Friday, February 18, 2011

Why Searching for Jewelry on Google Uncovers Some Ugly Stuff

Posted By Rob Bates
Last week, The New York Times, in a fascinating article, charged that JCPenney had improved its rankings in search engines like Google by engaging in “black hat” Search Engine Optimization (SEO) tactics, such as having pages of spam links. In response, the company fired its SEO firm, and Penney’s ranking was reduced on the search engine.

But it got me thinking: What happens when popular jewelry terms are googled?

I started with Pandora. According to Google, “Pandora charms” and “Pandora jewelry” are among the most frequently searched jewelry terms for Valentine's Day.

And yet, when an SEO blogger googled “Pandora jewelry” a few weeks back in a well-worth reading article, he received mostly spam links. Perhaps google took action, because my recent search found slightly better results, at least on the first page. Still, at least one link didn’t seem to sell beads, and the second and third search pages are mostly spam, including several links for Pandora-like beads, and one page devoted to hair restoration. The “Pandora charms” search yielded similar results. Considering those are among the most-searched-for terms in our industry, that is not great.

(Among the signs of a bogus site: poor spelling/grammar, an emphasis on discounts and sales, and the absence of a physical address. Most of these sites are apparently based overseas.)

The SEO blogger also turned up mostly spam when he googled Thomas Sabo. Most of the online UK stores the blogger complained about now seem gone, but there was at least one replica site among the first listings.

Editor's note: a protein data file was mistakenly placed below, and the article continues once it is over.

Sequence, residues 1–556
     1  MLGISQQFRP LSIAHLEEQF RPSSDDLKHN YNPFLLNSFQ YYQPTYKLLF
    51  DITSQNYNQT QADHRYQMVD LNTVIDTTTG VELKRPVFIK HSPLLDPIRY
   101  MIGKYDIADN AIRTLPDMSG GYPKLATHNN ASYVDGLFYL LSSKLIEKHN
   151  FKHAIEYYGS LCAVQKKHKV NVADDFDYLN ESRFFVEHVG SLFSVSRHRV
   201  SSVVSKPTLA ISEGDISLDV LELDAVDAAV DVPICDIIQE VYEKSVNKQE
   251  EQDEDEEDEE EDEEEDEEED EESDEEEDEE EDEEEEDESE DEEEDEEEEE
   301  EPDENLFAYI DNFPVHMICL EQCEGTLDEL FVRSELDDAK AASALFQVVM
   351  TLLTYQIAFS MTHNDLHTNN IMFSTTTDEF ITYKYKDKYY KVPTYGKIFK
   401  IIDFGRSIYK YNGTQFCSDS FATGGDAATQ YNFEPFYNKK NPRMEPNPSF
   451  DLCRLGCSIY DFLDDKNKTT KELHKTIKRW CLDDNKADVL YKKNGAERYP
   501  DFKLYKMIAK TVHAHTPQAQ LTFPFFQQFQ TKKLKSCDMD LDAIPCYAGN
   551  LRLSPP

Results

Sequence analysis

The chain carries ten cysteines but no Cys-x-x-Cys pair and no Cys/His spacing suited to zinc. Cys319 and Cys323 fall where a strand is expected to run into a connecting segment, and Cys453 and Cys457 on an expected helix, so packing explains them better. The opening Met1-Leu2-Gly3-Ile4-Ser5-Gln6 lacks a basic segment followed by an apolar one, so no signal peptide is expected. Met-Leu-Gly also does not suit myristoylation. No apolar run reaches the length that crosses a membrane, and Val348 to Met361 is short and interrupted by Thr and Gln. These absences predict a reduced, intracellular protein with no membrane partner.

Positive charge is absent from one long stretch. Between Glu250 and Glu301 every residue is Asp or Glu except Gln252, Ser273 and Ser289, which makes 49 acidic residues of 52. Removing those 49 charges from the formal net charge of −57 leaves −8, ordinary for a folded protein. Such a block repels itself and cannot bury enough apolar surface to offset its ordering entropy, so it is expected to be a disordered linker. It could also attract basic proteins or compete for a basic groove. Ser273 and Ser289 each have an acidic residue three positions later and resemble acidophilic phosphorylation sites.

David Yurman was one of the worst searches I did, yielding a scary amount of bogus sites on the first page of listings.

Googling “Tiffany & Co.,” another leading search term, turns up a mix of the valuable and the dubious, including one sale and another replica site. Tiffany has always been vigilant about protecting its intellectual property, and it recently sued a bunch of soundalike sites. Let’s just say, sadly, it seems like its work is not done. Cartier has a similar problem.

The search results for synthetic diamonds have always been an issue, since they show mostly companies that primarily sell diamond simulants, or a combination of “genuine synthetic” stones (if that’s even a term) and simulants. And one pretty bad article. What's worse, Gemesis—the biggest synthetic producer, which says it will begin targeting online consumers—doesn’t even show up until page 3. Even more embarrassing, some of those CZ links show up on Google AdWords. Another weak showing.

Now, this isn’t a problem just for the jewelry business. It apparently impacts just about every known brand name. And while Google is aware of these issues, they are not so easy to fix, the blogger notes:

It’s not like Google is not penalizing or de-indexing any of these sites. I see them come and go on a daily basis (although some actually seem to stick for weeks or even months).

However, these people (or rather organizations) push such huge amounts of these sites into the web that Google - obviously - is having quite a hard time catching up.

But, regarding jewelry, the industry needs to invest in better SEO and become more search engine–savvy. It also should communicate more with Google about some of these misleading searches. Because, right now, it seems, the “black hats” are winning.

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